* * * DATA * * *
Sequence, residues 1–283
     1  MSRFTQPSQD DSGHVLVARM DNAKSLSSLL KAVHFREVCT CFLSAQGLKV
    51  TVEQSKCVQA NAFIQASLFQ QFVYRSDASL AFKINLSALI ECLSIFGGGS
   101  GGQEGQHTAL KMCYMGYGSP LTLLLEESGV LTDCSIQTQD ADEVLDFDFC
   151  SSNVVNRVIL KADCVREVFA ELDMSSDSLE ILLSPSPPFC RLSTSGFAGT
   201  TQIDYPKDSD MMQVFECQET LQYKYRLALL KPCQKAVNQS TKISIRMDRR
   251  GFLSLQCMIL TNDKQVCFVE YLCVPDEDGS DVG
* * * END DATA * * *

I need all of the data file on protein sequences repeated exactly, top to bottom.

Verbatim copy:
Sequence, residues 1–283
     1  MSRFTQPSQD DSGHVLVARM DNAKSLSSLL KAVHFREVCT CFLSAQGLKV
    51  TVEQSKCVQA NAFIQASLFQ QFVYRSDASL AFKINLSALI ECLSIFGGGS
   101  GGQEGQHTAL KMCYMGYGSP LTLLLEESGV LTDCSIQTQD ADEVLDFDFC
   151  SSNVVNRVIL KADCVREVFA ELDMSSDSLE ILLSPSPPFC RLSTSGFAGT
   201  TQIDYPKDSD MMQVFECQET LQYKYRLALL KPCQKAVNQS TKISIRMDRR
   251  GFLSLQCMIL TNDKQVCFVE YLCVPDEDGS DVG